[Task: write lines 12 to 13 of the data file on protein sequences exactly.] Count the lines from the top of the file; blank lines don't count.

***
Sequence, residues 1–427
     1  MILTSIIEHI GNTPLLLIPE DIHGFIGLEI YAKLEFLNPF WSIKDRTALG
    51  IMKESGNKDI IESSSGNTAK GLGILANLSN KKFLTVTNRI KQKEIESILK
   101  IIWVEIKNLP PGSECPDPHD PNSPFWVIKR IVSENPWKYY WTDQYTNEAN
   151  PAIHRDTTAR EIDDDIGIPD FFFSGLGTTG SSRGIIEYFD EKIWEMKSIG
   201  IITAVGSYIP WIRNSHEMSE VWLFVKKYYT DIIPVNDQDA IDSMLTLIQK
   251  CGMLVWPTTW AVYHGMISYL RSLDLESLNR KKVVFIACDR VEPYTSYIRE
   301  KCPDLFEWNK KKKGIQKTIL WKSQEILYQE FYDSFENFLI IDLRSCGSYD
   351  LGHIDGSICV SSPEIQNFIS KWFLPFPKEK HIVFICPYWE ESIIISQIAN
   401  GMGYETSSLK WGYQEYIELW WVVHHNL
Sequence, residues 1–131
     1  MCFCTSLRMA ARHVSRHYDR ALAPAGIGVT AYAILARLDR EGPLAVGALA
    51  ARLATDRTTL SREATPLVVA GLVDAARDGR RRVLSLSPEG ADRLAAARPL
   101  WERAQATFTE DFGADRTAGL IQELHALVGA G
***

     1  MCFCTSLRMA ARHVSRHYDR ALAPAGIGVT AYAILARLDR EGPLAVGALA
    51  ARLATDRTTL SREATPLVVA GLVDAARDGR RRVLSLSPEG ADRLAAARPL